Christianity, and Christ himself above all else in the Bible, is something that was symbolized in the first two Zeldas, and is a religion and a belief that emphasizes selflessness, something that has been featured in many, if not all Zeldas throughout the franchise's history. The noble, courageous hero that helps citizens across his journey to defeat the evil villain-- that is selflessness, something that Link undeniably embodies.

What I'm getting at, is that Zelda is one of the few franchises that consistently upholds its pure and its 'conservative' values, while not being preachy about it. Some may say that Zelda is very boring and repetitive with its story and that its morality only comes out of its story being a generic Hero's Journey plot, but that's part of its charm. It doesn't let the cynical nature of modern society change it. There hasn't been a Man of Steel installment in the Zelda franchise that turns Link into an edgy, depressed hero. Zelda is and always will be a pure Hero's Journey story that houses spiritual themes and morals, and that is something I can definitely appreciate.

Now, something I also find intriguing is the portrayal of masculinity and femininity in Zelda. To the dismay of some, Zelda is also quite consistent with its portrayals of males and females. I will try my hardest to explain why this is a good thing. For starters, Zelda doesn't portray females as weak-- not at all. But it doesn't take the stance that women and men are interchangeable.

Let's look at the Triforce for starters: courage and power are both held by males, while wisdom is held by a female. And Aonuma made it clear that he did not want that to change; he didn't think it would be natural for that to change (hence the statement that Link will always be a guy).

But why do the males hold the courage and power, while the female holds the wisdom? This is something I find fascinating; power is male out of the thought that masculinity in a psychological sense is the urge to become more powerful and compete with others. And throughout history, what else men needed along with power was courage in order to hunt big game and to explore uncharted lands to expand territory (which directly correlates with power). These are things that come to mind when I think 'masculinity'. I think of Hercules and of mythological heroes, and of the classic hero archetype in general who is strong and who fights the dragon to obtain the treasure and save the princess. Obviously, a female can be these things too, but if you want to talk about the average, the average male is more likely to be 'masculine' than a female is, and is most certainly going to be physically stronger. I think this is the mind process of Aonuma when he said he thinks there need to be two men to balance out the Triforce together with the wisdom piece.

Also to be noted is that power and courage show masculinity at its darkest versus at its lightest. Link and Ganon are almost like the two extremes of Christ and Satan. It's black and white, but they embody extremes of what humanity is capable of-- what a man can become determined by the path they follow.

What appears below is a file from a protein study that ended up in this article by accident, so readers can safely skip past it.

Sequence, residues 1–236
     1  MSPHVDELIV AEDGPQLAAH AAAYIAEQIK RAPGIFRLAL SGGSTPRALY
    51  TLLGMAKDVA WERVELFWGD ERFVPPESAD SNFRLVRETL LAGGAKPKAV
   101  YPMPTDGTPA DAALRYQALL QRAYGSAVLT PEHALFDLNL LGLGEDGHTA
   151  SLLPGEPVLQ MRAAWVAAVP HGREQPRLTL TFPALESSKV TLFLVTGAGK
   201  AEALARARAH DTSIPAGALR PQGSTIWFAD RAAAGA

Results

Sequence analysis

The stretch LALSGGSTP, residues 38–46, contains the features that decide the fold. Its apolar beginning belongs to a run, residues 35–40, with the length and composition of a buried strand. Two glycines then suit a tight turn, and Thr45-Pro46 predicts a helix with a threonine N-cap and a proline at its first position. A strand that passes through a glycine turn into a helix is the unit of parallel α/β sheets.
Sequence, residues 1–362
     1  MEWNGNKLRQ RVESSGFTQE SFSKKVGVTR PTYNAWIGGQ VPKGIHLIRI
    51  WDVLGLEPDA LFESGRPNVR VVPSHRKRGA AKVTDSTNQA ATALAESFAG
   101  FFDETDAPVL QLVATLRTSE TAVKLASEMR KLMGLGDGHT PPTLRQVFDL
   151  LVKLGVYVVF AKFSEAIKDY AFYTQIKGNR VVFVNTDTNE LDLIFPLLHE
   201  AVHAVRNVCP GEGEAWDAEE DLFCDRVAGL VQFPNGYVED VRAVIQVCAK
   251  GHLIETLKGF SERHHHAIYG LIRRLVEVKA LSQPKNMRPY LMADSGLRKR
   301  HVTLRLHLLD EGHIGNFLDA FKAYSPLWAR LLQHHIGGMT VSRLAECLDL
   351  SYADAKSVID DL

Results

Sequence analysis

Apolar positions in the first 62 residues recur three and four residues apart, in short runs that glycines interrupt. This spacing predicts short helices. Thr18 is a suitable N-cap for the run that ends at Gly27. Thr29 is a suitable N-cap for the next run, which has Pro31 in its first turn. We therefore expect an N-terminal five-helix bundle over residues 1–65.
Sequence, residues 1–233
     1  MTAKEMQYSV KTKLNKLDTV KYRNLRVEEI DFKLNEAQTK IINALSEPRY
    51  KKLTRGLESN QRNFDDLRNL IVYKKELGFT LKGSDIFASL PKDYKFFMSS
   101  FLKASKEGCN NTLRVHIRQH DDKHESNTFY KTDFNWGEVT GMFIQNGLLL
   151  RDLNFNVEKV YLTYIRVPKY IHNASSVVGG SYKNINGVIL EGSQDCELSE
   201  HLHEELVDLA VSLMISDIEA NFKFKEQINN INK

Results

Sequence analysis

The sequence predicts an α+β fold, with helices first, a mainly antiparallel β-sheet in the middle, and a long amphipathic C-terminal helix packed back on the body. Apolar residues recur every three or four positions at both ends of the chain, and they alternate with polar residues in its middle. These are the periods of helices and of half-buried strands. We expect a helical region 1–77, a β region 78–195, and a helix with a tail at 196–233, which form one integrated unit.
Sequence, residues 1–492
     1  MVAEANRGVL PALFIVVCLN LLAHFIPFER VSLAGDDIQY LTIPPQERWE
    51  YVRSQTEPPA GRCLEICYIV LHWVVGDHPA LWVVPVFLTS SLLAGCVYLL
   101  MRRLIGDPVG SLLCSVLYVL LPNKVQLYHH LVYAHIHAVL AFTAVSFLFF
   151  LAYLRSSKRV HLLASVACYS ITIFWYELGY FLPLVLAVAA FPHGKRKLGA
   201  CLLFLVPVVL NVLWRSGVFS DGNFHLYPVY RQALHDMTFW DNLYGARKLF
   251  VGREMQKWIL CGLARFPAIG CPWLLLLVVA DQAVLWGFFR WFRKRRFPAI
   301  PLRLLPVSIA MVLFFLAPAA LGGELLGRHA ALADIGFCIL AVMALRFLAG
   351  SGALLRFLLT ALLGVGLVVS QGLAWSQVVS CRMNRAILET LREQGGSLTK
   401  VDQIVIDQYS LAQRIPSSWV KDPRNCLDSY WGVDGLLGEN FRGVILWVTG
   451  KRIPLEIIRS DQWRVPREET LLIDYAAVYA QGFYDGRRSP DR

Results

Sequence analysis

So why is wisdom female? After all, there were plenty of wise male philosophers throughout history, and there still are. But to answer that, we must establish: what's the biggest difference between a man and a woman, biologically? A woman births children and raises them as a mother. So for wisdom to be female, I think it's because wisdom is more maternal in a sense. A mother raises her child; when it comes to a more traditional family (and as I've mentioned, Zelda is quite traditional with its stories and themes), a mother will be more protective and will look over her child more than the father (traditionally, the father was out of the house working more). Because of this, the mother will pass her teachings of wisdom over to the child. Another thing relating to motherhood as portrayed in Zelda: look at the gods of the Zelda universe. They are all women; therefore, they are always referred to as goddesses. It's almost as if they're symbolizing how women are the creators of life. These goddesses are the mothers of existence. It's really interesting and honestly beautiful how the females are almost always the spiritual beings in the Zelda universe; it symbolizes how important femininity and motherhood is in a happy, functional society. A society of which a courageous hero would want to protect against a powerful tyrant.

Another reason I think wisdom is female is because wisdom does not correlate with the typical traits of masculinity. You look at modern society, and men have the more physical, laborious jobs (which require power and courage to properly do their job. Remember, these jobs are very dangerous). The same could be said throughout history, that men had these jobs (aside from war time when women had to work in factories, which is not common these days). However, there's an interesting development in modern Western society that has opened up due to women having more rights than they did in the past: women are getting better grades and perform better in college. When it comes to the number of college graduates, women far outnumber men. Modern men are highly likely to drop out of college, even. I doubt Nintendo really looked at these statistics in deciding that wisdom is more applicable to femininity, but it's interesting how society is even showing how masculinity and femininity generally lead to very different life paths, and how the Triforce kind of represents these roles.

What's cool about Zelda is that it doesn't show any of these sides as more valid than the other. They are three equal pieces for a reason. It also shows women being powerful (Gerudo) and courageous (I'd say that Zelda herself is very courageous), so women aren't necessarily outnumbered in the Triforce. But as an idea of masculinity and femininity, I love how the Triforce symbolizes the yin and the yang of these two sexes. Masculinity is the powerful, courageous hero that protects society. Femininity is the graceful, wise creator and nurturer of society.

The Legend of Zelda shows the balance of good and evil, of men and women; and for young boys, it is an epic journey into manhood. For young girls, it's an epic journey that teaches them a lot about life and their inner wisdom in general. I think that's part of the reason why this series is as timeless as it is, even from a story standpoint.